The mid-day panel represented opportunities within federal government and presented case studies; steps and initiatives that government has taken to become even more-green, thus saving taxpayer money in the meantime. Panel was led by Mr. Kevin Kampschroer, from GSA who shared the agency’s green building practices; which including the usage of energy efficiency tech, LEED construction practices, and maximizing space.
Ms. Kristine Kingery presented what the Army is doing to become more environmentally friendly in managing its assets and bases around the world. Ms. Jo Anne Hill, with the US Department of Commerce, provided a discussion referencing contract opportunities available for Minority Owned Business Enterprises in the area of sustainability and environmental initiatives by the federal government. The session was concluded by Mr. Landon Van Dyke, from the Department of State, who shared the vision and ongoing practices by the Department of State in greening US Embassies around the world.
The afternoon full of workshops; discussions and question and answer sessions from a number of interests: new technology, transportation solutions, the use of big data to monitor energy usage and energy conservation, understanding public private partnerships were just part of the plethora of sessions one could choose from.
Two of the workshops that stood out were the discussion lead by Samuel K. Burlum, CEO of Extreme Energy Solutions, who presented a case study and examples about here and now available technology that could lower harmful toxic emissions from vehicles, including advancements made in this technology sector, and the importance of embracing the retrofit technology market. Burlum shared his vision of public policy measures that would allow for green technology to blossom. His compelling presentation on emissions reduction and environmental policy can be seen online.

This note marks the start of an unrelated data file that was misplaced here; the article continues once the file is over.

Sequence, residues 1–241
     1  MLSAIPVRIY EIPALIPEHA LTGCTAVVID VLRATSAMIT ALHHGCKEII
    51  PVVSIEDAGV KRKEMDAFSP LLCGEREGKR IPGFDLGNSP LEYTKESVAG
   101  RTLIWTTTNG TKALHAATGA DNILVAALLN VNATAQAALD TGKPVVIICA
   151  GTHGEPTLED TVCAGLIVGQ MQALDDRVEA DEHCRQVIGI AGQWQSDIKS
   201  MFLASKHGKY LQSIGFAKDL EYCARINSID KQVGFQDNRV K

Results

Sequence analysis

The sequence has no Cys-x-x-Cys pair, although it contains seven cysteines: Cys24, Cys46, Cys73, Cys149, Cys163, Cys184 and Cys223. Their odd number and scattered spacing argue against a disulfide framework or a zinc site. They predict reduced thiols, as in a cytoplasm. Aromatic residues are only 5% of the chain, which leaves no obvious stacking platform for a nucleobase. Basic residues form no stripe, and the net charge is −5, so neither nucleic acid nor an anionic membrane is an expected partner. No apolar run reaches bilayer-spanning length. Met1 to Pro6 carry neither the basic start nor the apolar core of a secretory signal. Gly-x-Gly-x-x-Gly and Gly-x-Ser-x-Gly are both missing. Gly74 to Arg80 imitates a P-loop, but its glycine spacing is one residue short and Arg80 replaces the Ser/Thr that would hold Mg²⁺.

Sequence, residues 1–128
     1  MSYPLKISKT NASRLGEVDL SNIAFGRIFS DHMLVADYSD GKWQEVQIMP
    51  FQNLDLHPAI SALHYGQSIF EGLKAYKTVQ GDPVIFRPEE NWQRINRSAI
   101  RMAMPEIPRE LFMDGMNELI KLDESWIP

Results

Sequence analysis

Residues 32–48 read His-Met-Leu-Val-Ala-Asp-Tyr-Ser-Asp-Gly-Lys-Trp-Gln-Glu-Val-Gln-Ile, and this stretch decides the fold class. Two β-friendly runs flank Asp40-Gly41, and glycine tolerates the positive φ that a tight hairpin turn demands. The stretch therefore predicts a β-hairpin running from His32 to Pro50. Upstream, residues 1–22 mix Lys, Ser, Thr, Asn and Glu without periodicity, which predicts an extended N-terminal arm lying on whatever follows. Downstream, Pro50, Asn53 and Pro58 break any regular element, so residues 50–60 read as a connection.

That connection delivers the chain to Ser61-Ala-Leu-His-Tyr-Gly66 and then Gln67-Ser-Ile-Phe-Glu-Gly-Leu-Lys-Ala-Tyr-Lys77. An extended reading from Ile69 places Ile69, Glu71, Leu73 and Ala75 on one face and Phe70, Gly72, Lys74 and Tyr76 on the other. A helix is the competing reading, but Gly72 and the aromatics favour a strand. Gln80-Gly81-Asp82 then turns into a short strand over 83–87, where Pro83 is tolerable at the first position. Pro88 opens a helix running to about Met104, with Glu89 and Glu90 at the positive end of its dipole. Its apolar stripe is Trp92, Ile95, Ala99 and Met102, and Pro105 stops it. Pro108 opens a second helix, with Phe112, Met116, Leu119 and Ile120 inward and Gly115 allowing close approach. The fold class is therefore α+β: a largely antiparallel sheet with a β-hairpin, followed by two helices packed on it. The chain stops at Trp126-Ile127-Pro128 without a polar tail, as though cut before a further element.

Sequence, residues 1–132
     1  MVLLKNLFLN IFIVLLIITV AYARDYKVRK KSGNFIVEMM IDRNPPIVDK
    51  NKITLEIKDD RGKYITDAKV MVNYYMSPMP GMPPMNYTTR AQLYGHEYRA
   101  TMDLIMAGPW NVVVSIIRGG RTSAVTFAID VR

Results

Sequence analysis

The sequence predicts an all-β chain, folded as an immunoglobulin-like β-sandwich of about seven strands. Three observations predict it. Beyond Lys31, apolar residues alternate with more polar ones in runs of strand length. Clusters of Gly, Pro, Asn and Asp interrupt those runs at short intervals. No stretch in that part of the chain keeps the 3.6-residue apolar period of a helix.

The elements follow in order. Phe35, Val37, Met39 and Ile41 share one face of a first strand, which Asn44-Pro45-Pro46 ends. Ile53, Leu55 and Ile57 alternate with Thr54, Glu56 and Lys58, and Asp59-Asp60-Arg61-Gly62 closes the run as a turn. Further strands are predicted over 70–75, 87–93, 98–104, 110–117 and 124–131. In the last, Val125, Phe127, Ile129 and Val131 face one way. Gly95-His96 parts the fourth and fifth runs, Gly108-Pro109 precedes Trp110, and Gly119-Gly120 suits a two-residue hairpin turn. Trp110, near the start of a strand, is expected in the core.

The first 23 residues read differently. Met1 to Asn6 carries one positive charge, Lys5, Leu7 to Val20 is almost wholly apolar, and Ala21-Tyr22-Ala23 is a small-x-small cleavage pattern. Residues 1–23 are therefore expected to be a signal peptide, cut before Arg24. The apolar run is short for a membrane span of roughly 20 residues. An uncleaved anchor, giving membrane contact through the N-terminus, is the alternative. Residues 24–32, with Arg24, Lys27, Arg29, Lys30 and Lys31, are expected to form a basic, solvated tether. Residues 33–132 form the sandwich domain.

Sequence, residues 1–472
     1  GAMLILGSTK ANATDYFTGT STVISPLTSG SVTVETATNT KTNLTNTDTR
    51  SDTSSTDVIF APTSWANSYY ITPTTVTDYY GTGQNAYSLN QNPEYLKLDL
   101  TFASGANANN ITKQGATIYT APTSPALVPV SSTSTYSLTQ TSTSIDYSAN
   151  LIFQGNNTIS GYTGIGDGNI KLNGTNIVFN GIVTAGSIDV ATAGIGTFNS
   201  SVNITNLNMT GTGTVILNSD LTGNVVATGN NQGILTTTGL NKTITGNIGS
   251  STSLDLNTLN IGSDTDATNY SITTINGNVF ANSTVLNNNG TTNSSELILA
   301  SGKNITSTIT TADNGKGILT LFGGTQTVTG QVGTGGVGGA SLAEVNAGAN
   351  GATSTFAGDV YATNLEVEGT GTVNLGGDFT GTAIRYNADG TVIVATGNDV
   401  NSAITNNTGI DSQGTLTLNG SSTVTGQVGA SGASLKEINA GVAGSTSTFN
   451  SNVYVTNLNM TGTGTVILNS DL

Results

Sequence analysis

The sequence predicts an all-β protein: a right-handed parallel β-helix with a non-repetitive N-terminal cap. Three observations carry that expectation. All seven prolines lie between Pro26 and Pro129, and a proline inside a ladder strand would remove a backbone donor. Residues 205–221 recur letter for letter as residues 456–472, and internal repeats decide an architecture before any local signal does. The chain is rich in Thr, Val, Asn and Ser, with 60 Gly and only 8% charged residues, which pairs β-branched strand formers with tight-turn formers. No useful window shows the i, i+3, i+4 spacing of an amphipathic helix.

Another well attended workshop provided insight on deploying sustainable technology to the continent of Africa. Panel, moderated by Ron Uba, Department of Commerce-MBDA; led by Mr. Ken Johnson, provided information referencing emerging economies within developing nations. Mr. Johnson discussed examples of countries within Africa who were struggling to meet the demands of water, energy, power, food supply, and alternatives currently being investigated to meet these needs.
Attendees were excited and optimistic as the evening came to a close, all leaving with valuable information and contacts from the historic event.
“There is still much work to be done in this field of practice,” Burlum contributed, “the areas of environmental protection, green technology, alternative energy, sustainability, and policy making that drives the markets to evolve are still very much in their infancy. If you compare this industry to the early days of the .com boom or the early days of the information age, you can see the ‘green industry’ is following those same trends,”
“There are other drivers to the movement of environmental sustainability, which I believe one of them is generational. There are far more X, Y, and Millennial generation individuals who were cultured with a sense of environmental regard for the planet than the previous generations.”
“These generations who grew up with recycling in the classroom; earth day celebrations; they were the generations who have embraced most of the green technology we have today; so it is no surprise that we are seeing large growth in this area.”
“As they exercise their purchasing power, and combine that with their life style habits, you get a demanding market segment who wants more organic and green choices. It’s a trend companies like ours welcome in the near future,” mentioned Burlum.